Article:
[en] In order to handle future economic, social and environmental changes, the assessment, management and conservation of the local genetic resources of cash crop species is a fundamental requirement. We investigated the pattern of genetic and morphological diversity of Cananga odorata (Lam.) Hook f. & Thomson forma genuina, an important essential oil tree for the perfume industry in the introduction area of the western Indian Ocean islands. We sought to identify key elements for developing a conservation and management strategy for ylang-ylang genetic resources. Genetic and morphological variations were assessed using Amplified Fragments Length Polymorphism and morphometrics traits and information about farmers' practices were collected. The existence of substantial overall genetic diversity (HT = 0.2599) and the grouping of plantations into different genetic groups suggest that there have been a series of introduction events in the area, with limited exchanges of genetic material within and between islands, which is not what is suggested in the historical records. The morphological study revealed high phenotypic variability despite very similar agronomical practices throughout the studied area. The morphological and genetic variability might have been created and maintained without any planned or conscious management, and this has largely determined the genetic structuring in the area (11.74% genetic variation among islands and 20.68% among plantations). With this species, where past introduction events and farmers’ practices have shaped the genetic variation, on-farm preservation and the maintenance of the current management practices is recommended. Ex situ conservation efforts should also be undertaken, if economically affordable.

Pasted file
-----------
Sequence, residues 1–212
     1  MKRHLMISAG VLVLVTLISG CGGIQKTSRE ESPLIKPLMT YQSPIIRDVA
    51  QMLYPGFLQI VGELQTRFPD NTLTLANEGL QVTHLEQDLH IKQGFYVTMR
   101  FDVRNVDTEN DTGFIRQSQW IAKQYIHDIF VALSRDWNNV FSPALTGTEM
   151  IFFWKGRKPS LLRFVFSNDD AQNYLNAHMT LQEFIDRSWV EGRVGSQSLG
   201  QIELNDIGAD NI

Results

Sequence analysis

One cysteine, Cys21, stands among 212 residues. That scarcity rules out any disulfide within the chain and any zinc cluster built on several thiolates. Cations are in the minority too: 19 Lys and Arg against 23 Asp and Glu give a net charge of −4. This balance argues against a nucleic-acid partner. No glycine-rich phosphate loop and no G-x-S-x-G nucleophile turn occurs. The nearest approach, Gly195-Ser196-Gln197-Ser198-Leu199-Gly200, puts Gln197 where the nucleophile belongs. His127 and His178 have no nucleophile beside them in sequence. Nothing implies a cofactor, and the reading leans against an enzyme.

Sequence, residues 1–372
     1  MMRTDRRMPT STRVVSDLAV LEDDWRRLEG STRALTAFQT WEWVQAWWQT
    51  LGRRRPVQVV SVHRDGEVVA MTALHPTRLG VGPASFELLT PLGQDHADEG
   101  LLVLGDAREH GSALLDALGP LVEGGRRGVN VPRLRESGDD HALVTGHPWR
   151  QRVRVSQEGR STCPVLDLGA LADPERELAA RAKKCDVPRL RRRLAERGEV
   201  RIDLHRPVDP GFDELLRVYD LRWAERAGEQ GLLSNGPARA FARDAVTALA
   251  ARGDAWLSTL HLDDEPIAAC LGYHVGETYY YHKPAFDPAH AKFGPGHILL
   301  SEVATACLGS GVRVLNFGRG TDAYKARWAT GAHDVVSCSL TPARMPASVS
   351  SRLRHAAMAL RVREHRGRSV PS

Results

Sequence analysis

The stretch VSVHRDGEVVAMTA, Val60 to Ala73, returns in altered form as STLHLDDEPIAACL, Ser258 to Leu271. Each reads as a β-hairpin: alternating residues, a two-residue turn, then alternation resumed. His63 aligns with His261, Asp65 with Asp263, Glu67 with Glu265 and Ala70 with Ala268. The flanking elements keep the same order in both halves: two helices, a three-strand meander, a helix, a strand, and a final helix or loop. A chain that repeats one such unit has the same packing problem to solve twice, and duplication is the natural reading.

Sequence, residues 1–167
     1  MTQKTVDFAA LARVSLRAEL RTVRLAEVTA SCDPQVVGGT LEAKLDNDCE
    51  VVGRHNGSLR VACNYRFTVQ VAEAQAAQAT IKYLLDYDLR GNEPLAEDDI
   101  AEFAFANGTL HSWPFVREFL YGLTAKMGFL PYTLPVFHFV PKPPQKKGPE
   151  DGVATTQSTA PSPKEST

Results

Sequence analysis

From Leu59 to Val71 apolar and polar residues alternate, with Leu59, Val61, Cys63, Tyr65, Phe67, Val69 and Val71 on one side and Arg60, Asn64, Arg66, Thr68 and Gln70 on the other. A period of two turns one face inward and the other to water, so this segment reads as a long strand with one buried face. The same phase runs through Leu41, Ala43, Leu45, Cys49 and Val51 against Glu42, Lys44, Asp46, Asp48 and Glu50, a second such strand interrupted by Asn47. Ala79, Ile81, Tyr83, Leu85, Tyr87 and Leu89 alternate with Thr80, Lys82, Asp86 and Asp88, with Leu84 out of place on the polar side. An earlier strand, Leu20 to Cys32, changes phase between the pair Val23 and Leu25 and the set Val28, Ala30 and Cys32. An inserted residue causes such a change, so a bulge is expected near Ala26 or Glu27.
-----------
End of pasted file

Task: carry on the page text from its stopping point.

Fonds pour la formation à la Recherche dans l'Industrie et dans l'Agriculture (Communauté française de Belgique) - FRIA ; Fonds de la Recherche Scientifique (Communauté française de Belgique) - F.R.S.-FNRS